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When we discuss hearing loss, we often talk about permanent hearing damage that takes place in the inner ear. Most hearing loss occurs when tiny sensory cells called “hair cells” are damaged or destroyed, limiting our capacity to detect sound. These tiny cells are the way the body picks up sound waves vibrating in the air and sends a signal to the brain.
In the past decade however, more information has emerged on a new configuration of hearing loss. Often called “hidden hearing loss” because people with it have trouble hearing in complicated and noisy environments but are often able to pass a standard hearing test, this type of hearing loss isn’t rooted in the hair cells. Let’s take a look at what hidden hearing loss is.
Hidden Hearing Loss
While permanent hearing loss is normally tied to an insufficient amount of functioning hair cells, hidden hearing loss is caused by an entirely different component of the auditory system. In the case of hidden hearing loss, the link between the ear and the brain is impaired. The cells in the auditory nerve are the critical pathway that delivers signals from the ear to the brain. Healthy nerve cells are sheathed in a substance called myelin, which facilitates the transmission of signals from one cell to the next.
First discovered in mice in 2009, it is now generally understood that a corrosion of the myelin sheath can produce hearing loss because the incoming information from the ear is not being fully transmitted to the brain. People with this sort of manifestation of hearing loss will especially have difficulty in complicated sound environments like a party, restaurant or conversation with many people. While it will be hard to parse sounds in a noisy environment, the ears may be capable of detecting a full range of sounds, making it possible to easily pass a hearing test in quiet and controlled conditions.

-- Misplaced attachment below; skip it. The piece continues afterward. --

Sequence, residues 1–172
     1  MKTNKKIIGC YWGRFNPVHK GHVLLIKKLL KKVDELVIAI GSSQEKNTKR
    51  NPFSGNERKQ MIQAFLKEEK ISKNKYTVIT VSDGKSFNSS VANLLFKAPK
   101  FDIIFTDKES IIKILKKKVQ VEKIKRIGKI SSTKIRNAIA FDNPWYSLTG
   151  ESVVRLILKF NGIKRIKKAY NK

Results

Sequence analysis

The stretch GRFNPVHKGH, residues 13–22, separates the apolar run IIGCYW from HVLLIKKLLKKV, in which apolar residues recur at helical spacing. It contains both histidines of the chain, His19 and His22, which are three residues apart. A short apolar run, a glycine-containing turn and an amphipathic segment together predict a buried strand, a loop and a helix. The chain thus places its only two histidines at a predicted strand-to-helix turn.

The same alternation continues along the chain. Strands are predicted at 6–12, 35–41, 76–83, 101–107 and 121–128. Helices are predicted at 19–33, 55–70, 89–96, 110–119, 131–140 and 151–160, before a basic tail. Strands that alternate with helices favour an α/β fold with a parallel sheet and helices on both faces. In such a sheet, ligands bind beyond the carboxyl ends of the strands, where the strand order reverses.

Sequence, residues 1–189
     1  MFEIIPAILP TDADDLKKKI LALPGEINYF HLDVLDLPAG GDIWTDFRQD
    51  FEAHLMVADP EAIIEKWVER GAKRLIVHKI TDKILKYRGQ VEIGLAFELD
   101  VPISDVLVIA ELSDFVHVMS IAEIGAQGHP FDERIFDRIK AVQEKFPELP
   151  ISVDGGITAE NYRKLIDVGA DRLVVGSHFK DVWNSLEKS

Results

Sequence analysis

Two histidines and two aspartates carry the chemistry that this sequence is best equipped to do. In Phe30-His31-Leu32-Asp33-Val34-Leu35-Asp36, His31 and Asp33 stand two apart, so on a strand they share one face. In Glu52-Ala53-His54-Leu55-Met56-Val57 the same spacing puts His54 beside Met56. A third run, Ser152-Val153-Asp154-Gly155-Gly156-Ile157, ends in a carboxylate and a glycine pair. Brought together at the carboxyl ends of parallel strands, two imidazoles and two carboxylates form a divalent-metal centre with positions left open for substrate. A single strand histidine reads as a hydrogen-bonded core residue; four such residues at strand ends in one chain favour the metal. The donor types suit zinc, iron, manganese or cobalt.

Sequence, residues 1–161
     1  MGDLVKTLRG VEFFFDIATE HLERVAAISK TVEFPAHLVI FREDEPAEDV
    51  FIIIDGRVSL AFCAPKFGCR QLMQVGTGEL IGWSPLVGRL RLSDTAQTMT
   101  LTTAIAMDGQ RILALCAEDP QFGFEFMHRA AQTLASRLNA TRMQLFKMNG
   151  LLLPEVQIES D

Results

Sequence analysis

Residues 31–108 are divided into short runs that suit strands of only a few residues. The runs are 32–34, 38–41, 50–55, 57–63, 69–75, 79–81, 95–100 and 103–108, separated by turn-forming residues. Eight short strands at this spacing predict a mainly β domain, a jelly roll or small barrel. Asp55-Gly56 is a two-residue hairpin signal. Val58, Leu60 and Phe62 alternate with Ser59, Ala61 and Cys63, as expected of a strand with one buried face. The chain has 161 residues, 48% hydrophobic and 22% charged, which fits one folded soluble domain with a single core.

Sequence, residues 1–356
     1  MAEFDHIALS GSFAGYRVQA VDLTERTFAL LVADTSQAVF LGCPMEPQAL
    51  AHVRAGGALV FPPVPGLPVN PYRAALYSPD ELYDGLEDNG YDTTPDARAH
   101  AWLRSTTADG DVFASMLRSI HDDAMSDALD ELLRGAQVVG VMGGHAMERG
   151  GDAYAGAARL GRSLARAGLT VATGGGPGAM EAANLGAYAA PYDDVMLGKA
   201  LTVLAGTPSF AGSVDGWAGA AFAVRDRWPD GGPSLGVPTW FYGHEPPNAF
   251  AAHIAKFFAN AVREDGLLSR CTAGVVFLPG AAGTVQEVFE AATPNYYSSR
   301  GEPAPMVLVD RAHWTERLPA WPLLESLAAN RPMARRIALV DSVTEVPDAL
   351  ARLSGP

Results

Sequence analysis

Signs of Hidden Hearing Loss
Hidden hearing loss will have some of the same signs as other forms of hearing loss. You may find yourself asking others to repeat themselves or speak up quite often. Situations in large groups or in busy places will be particularly challenging for your hearing. You may find yourself gravitating to quiet spaces and activities and away from challenging hearing environments.
For those with hidden hearing loss, hearing issues will usually arise around parsing and prioritizing sound in a noisy environment. A multitude of noises will make listening and focusing very difficult. The myelin nerve damage limits the capacity of your hearing to effectively sort through all the incoming noise. In quiet or subdued environments, you will not perceive any issues with your hearing, and it may even seem quite acute, while a person with standard hearing loss may even find it difficult to hear in quiet situations.
This fundamental difference in where the hearing challenges are based means that hidden hearing loss can easily go undetected. Initially it may not be indicated by a standard hearing test, as the person can easily hear isolated tones at a full range of frequencies. However, when in complicated sound environments, hidden hearing loss will manifest itself similar to other forms of hearing loss.
Causes of Hidden Hearing Loss
Like the loss of hair cells, damage to the myelin and synapses of the auditory nerve may be largely caused by exposure to dangerous noise levels. Several studies on mice have shown that exposure to noise levels that can cause damage to hair cells can also damage the nerve cells in equal or greater measure.
Treatment For Hidden Hearing Loss
Understanding hidden hearing loss is an important step towards managing it. If you think your hearing challenges may be rooted in hidden hearing loss talk with your hearing specialist about your experience. Not only are special tests for hidden hearing loss becoming more available, new ways of managing hidden hearing loss are emerging.